SAL - Sensor Abstraction Layer
Lack of standards makes it difficult to integrate heterogeneous sensors in a single sensor network. Therefore it is important to have middleware that is able to manage all types of sensors. This middleware is often implemented specifically for a specific sensor network, which makes it very hardware dependent. Changes in the network, such as adding a new sensor, lead to the need for manipulating the code of the middleware. The Sensor Abstraction Layer (SAL) is designed to address these issues.
SAL is a middleware that provides a plug-in-based model where support for new types of sensors can be loaded to the running system via plug-in. The system automatically detects and configures new sensors, if permitted by the hardware and underlying operating system. Furthermore, it provides a unified interface to all sensors by abstracting the sensor specific features. With this it aims at simplifying the access to a sensor network as well as the management and control of its sensors [4, 5].
SAL can be seen as a low-level software layer as it bridges a network of sensors with high-level applications or further middleware technologies, e.g., a ring buffer. Figure 1 presents an architectural overview of a system stack using SAL.
SAL is implemented as a client-server application and thus consists of two components, the SAL client and the SAL agent. The SAL client represents an interface for SAL to either the user via a user interface or to other applications. It implements the SAL agent Application Programming Interface (API) in order to provide the functionality of the SAL agent. The API is grouped into the following categories:
- Sensor Management – Methods to manage the pool of sensors and including operations for enumerating, adding and removing sensors.
- Sensor Control - Methods to report on a sensor’s capabilities and control the streaming of the data.
- Platform Configuration - Methods to adjust the platform, e.g., add support for a new sensor type.
Each category uses a different markup language. The Sensor Management methods use SensorML  which describes a sensor’s configuration. The methods in the category Sensor Control use CommandML. The CommandML documents contain a list of commands which are supported by a sensor. The last category, Platform Configuration, uses Platform Capabilities and Configuration Markup Language (PCML). Documents of the type PCML contain information on how the platform is to be configured in order to support a certain type of sensor technology.
The SAL agent implements the various features of SAL. It runs on a platform which is connected to the sensors and therefore is regarded as a sensor gateway. The connection between the platform and the sensors can be either direct using platform specific I/O ports like USB or indirect by using wireless technology. The SAL agent manages the sensors, which are directly connected and are found by the agent and the indirectly connected sensors it has been told of. The SAL agent consists of three layers: Agent Layer, Communication Layer, and EndPoint Layer (see Figure 2).
The Agent Layer is responsible for the communication with the SAL client. It receives messages, parses and forwards them to the underlying Communication Layer and sends the response back to the client.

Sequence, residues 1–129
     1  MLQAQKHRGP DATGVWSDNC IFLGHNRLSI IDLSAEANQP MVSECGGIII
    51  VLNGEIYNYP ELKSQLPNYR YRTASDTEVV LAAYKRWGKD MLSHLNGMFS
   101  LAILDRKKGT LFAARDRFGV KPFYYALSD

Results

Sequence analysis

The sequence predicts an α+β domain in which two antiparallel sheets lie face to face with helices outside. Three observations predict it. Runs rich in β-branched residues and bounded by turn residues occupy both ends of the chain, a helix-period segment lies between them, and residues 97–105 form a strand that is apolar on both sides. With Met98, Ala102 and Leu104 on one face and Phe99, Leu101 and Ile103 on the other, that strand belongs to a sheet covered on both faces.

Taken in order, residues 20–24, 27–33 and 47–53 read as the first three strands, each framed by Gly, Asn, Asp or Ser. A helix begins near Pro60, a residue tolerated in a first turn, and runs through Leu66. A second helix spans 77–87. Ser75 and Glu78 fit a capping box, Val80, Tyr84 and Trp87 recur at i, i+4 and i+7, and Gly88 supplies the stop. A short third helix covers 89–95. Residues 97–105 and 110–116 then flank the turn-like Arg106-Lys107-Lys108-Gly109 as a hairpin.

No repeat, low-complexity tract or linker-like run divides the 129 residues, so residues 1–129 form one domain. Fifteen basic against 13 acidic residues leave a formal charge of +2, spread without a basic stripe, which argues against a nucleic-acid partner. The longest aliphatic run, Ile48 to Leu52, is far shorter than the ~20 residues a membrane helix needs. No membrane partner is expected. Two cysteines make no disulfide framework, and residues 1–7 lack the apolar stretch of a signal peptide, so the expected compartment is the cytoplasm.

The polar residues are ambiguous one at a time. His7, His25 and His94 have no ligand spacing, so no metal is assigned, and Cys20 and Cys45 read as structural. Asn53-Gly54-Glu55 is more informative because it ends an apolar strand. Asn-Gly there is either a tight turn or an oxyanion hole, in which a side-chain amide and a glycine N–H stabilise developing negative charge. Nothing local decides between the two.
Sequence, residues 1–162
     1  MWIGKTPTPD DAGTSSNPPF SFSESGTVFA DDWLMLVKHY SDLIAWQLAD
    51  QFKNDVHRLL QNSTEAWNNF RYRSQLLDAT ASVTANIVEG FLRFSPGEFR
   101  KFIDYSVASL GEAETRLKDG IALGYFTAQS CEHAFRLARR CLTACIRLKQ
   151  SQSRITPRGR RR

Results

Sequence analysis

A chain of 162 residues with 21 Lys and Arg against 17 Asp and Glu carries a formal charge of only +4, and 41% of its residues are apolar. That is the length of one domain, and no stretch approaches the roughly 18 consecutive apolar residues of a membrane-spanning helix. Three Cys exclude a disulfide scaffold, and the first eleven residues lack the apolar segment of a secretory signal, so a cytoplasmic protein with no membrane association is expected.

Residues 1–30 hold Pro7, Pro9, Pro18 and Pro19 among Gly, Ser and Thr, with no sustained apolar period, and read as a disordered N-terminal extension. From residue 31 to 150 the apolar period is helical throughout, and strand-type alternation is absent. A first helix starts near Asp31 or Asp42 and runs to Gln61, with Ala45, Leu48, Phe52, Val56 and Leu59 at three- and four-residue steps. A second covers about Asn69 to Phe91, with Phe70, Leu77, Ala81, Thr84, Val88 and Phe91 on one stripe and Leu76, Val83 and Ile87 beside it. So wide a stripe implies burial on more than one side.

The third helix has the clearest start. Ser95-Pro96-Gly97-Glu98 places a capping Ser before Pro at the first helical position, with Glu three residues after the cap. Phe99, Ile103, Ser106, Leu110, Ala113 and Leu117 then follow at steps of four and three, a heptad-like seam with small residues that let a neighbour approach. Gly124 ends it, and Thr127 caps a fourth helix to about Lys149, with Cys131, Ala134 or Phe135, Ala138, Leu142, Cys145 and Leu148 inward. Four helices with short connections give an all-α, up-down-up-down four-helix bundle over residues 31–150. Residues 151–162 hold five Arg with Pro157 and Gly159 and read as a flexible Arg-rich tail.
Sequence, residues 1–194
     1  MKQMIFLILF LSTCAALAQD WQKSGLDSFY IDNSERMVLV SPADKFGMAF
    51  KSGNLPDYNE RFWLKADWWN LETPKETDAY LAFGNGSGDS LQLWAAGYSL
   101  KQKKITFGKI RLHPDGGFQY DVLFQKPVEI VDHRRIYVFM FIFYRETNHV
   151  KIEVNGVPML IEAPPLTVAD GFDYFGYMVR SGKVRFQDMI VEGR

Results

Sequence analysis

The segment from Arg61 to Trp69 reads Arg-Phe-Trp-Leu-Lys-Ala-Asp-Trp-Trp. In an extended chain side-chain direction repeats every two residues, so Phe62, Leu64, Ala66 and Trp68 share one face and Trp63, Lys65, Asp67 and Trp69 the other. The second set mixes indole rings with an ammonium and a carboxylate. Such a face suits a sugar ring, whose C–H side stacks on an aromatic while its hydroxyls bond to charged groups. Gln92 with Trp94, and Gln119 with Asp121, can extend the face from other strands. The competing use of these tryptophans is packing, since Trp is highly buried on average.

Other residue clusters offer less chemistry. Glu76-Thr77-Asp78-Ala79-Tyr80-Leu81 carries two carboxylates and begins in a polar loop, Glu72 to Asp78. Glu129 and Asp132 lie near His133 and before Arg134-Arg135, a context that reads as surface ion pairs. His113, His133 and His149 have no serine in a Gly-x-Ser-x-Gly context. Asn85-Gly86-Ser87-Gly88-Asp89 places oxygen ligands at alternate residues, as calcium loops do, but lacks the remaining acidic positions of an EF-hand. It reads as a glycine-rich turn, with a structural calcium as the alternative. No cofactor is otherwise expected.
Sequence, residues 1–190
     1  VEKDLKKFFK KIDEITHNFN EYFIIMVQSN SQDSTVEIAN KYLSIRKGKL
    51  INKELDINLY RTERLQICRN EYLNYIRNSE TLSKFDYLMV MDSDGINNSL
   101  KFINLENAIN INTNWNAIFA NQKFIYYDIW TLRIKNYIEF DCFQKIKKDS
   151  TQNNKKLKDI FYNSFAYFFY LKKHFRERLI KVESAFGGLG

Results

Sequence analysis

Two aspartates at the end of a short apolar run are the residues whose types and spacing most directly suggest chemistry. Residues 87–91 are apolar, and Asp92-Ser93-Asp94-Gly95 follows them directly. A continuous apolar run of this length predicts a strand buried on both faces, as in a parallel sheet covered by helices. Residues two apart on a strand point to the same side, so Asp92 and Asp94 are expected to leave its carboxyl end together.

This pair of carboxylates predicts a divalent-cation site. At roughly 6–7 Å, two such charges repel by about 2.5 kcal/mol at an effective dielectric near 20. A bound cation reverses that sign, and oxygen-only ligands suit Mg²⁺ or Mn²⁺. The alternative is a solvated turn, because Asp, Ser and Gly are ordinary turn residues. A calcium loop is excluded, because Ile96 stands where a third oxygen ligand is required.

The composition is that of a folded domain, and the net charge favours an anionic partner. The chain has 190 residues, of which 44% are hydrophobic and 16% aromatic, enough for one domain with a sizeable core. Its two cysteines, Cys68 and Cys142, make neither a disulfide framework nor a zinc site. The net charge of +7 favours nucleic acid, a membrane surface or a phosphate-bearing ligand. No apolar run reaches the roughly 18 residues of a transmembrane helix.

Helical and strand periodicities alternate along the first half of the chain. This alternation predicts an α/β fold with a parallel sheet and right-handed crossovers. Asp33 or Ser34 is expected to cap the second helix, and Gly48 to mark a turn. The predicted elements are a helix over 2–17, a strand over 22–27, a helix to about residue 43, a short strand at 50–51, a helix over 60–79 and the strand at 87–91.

The Communication Layer provides methods for managing and controlling sensors. The managing methods are used to configure and set up hardware while the controlling methods translate a generic command into a sensor native command, which then can be transmitted to the sensor. The generic commands are provided in the SAL API. For translating the generic commands the two sub-layers Abstraction Layer and Protocol Layer are used. The Abstraction Layer is an adapter layer where the generic commands are implemented. From here the sensor-specific methods are called, which are implemented in the Protocol Layer.
The EndPoint Layer is tightly coupled to the I/O ports available on the sensor gateway. It is responsible for transmitting native sensor commands produced by the sub-layer Protocol to the sensor. In the other direction, data from the sensor is transmitted to the SAL agent. The software code for this layer is normally included in the operating system. SAL ensures it is available and configured correctly.
The two sub-layers Abstraction and Protocol and the EndPoint Layer together form a Logical Port. Each sensor is connected to a Logical Port. SAL allows a specific client to control multiple agents (horizontal scalability). Furthermore, the logical port allows SAL to scale vertically (vertical scalability) in that an agent can control other agents in a hierarchical manner. This is due to the logical port treating the attached device as a data source, independent of whether it is a sensor or another agent. The ability to scale allows sensor networks of almost any topology or configuration.
SAL has been successfully trialled on the Davies Reef sensor network project  whereby it controls a sensor array via a low cost/power computer in a remote reef. It is also being used in the SEMAT project.
SAL can effectively integrate existing hardware and communications infrastructure which offers versatility in the establishment of cheap and reliable sensor networks. These networks are suitable for environmental monitoring in developing countries where cost and existing infrastructure may be limited .